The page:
do it is by going to war?
DEPUTY SECRETARY ARMITAGE: On the question of Iraq, as the President has said,
he wasn't willing to wait while the storm clouds gathered. And he thought that
successive UN resolutions in many years had gone by and Saddam Hussein was not
paying attention. Indeed, he was shooting -- shooting at U.S. and British pilots
every single day. And it was only a matter of time before we had trouble with
him and the President wasn't willing to wait.
The question of regime changes is not something to be taken lightly. The best
thing that you want to do, I think, is have change come from within, to have
change that moves in transparent direction, one that can be seen, and that
offers a better alternative than the present one.
And there's a lot of change going on in the Middle East now, in every single
country, every one -- some in the civil sector, some in governance, some in
education, including education for women. So there's a lot going on and I think
it's a very hopeful sign.
QUESTION: Tell me what you think of your vision for this Greater Middle East
Initiative. We have a phenomenon now where you have each President is propping
his son to take over. You have the case of Mubarak in Egypt. You have -- Qadhafi
(inaudible). You have President Assad himself. I mean, how can you go when you
talk about promoting democracy in the Middle East and you have these countries
and governments trying to already prepare who's going to take over? How does it
work? Where does it fit in the U.S. concept of democracy in the Middle East?
DEPUTY SECRETARY ARMITAGE: Well, first of all, the Greater Middle East, I think
the impression is that this initiative is something that will be pushed down on
the heads of each particular Middle Eastern state and have no regard for culture
or for the unique characteristics of the states. And that's completely wrong.
We do acknowledge and see that in every society in the Middle East, there are
changes. Some are very necessary changes, like the elimination of corruption,
the need for better education for all citizens, as I say, including women. You
see some NGOs beginning in different societies. Civil society is changing. We
think these are very good signs and they lead over time to changes in thinking,
to include the political systems.
And we're not in a hurry. We think these things have to move at a speed
comfortable to the people of the region.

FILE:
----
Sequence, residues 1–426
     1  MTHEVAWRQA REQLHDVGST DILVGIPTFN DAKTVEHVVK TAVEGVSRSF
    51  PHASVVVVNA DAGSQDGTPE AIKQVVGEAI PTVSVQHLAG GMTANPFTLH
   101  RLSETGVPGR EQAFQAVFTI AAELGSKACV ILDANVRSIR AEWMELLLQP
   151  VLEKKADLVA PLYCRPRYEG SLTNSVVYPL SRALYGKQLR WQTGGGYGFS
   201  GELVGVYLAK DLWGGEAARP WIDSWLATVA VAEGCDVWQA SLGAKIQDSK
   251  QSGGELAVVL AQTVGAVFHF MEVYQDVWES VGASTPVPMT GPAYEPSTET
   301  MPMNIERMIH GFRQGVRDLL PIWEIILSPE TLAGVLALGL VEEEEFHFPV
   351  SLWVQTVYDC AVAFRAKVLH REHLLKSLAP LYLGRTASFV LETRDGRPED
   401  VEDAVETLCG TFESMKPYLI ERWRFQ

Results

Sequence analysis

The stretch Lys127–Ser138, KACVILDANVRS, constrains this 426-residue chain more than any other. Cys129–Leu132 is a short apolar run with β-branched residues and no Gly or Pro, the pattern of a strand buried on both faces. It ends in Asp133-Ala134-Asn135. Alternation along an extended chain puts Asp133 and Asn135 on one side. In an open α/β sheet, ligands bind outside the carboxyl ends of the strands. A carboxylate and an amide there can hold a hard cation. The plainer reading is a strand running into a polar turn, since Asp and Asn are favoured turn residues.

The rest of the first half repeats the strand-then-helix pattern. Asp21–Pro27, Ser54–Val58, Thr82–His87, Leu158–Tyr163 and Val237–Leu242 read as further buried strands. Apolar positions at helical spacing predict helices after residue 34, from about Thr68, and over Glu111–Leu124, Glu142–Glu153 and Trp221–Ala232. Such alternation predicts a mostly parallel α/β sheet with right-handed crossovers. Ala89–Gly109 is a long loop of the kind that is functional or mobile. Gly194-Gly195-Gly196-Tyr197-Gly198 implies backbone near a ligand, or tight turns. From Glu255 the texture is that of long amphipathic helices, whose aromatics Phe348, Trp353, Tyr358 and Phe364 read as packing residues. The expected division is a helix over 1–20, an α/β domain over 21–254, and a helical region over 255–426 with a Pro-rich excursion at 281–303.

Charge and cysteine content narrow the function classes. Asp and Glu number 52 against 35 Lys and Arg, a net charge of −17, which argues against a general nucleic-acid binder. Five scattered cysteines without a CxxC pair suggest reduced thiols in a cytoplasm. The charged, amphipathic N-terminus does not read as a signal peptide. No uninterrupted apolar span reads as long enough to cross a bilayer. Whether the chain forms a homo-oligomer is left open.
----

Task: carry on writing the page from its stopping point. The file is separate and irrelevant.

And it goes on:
QUESTION: But why don't you work with the forces of democracy, whether it's
civil societies, NGOs whatever?
DEPUTY SECRETARY ARMITAGE: Why do we work with them?
QUESTION: That's the right way to bring democracy to the Middle East, rather
than working with governments that many people describe as corrupt.
DEPUTY SECRETARY ARMITAGE: Well, you have to -- the only places where the winds
of changes weren't happening -- Iraq (inaudible), Syria, and in other state --
Iran. But in every other state, there are changes. And we and other friends,
European friends, want to work with those forces. They're not anti-government.
In fact, many times the governments themselves are sponsoring NGOs and things of
that nature. They just want to help it.
QUESTION: The Arab summit, finally question I'm giving. The Arab summit in
DEPUTY SECRETARY ARMITAGE: Right.
QUESTION: I mean, have you been briefed before they met? And who brief you
afterwards? Who do you talk to to know what's happening there?
DEPUTY SECRETARY ARMITAGE: Well, we talk to all the states in the region, and we
talk to our folks in Cairo, talked to Abr Moussa and others. So we talk to just
about everybody and we get the views of who said what and who did what and we've
seen the document that talked about some of the needs for reform. That Arab
summit took a long time putting together after the misstart. But we're happy it
QUESTION: Right. Okay, one last question.
DEPUTY SECRETARY ARMITAGE: Sure.
QUESTION: The time is over, but I'm sure there is one question that I have
forgotten somewhere. Oh, yes, the important question. American embassies in the
Middle East. If you go anywhere in Cairo or Jordan or Oman or anywhere -- any
Arab Middle Eastern countries, you will see its like a fortress. You cannot
reach the street. Residents complain, in fact, that the security is so heavy
they cannot reach their homes.
Again, this idea of trying to come close to the people in the Middle East, and
then they will see the embassies as no-go area. How can you try, through this
public diplomacy, trying to reach the people in the Middle East? I mean, it
gives you an idea, an image about what America's like.
DEPUTY SECRETARY ARMITAGE: Yeah, well, we're faced with a dilemma. We have to
keep our people safe. You saw what happened in Tanzania and Kenya when our
embassies were attacked. Even more recently, we've had planned attacks in
Jordan. You've seen, I was in -- the last two times I've been Saudi Arabia,
there have been attacks and our embassy has been threatened. And until we're
sure that security can be provided by the local population satisfactory to meet
our standards, then we're going to have to be that way. But we have to stay
engaged with these countries, if for no other reason than to help trying to
bring Egyptian, Saudi or any other visitors to the United States so we can learn
from them, we can share with them our views, but we can learn, more importantly,
So the answer is not to disengage. The answer is to get the entire environment
in the Middle East in a more secure and beneficial place than it is today.
QUESTION: Thank you very much for this interview.
DEPUTY SECRETARY ARMITAGE: Thank you very much.